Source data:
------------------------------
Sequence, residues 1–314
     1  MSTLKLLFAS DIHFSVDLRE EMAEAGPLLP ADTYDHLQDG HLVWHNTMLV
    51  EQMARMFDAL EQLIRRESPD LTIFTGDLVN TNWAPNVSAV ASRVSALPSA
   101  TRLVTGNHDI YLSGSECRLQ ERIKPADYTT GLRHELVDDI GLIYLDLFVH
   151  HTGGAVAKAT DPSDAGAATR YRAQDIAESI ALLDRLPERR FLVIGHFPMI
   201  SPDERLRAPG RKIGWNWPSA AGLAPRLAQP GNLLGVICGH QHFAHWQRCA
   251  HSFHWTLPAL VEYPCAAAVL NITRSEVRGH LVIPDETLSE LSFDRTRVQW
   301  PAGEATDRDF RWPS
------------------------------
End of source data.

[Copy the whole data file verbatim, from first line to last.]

Sequence, residues 1–314
     1  MSTLKLLFAS DIHFSVDLRE EMAEAGPLLP ADTYDHLQDG HLVWHNTMLV
    51  EQMARMFDAL EQLIRRESPD LTIFTGDLVN TNWAPNVSAV ASRVSALPSA
   101  TRLVTGNHDI YLSGSECRLQ ERIKPADYTT GLRHELVDDI GLIYLDLFVH
   151  HTGGAVAKAT DPSDAGAATR YRAQDIAESI ALLDRLPERR FLVIGHFPMI
   201  SPDERLRAPG RKIGWNWPSA AGLAPRLAQP GNLLGVICGH QHFAHWQRCA
   251  HSFHWTLPAL VEYPCAAAVL NITRSEVRGH LVIPDETLSE LSFDRTRVQW
   301  PAGEATDRDF RWPS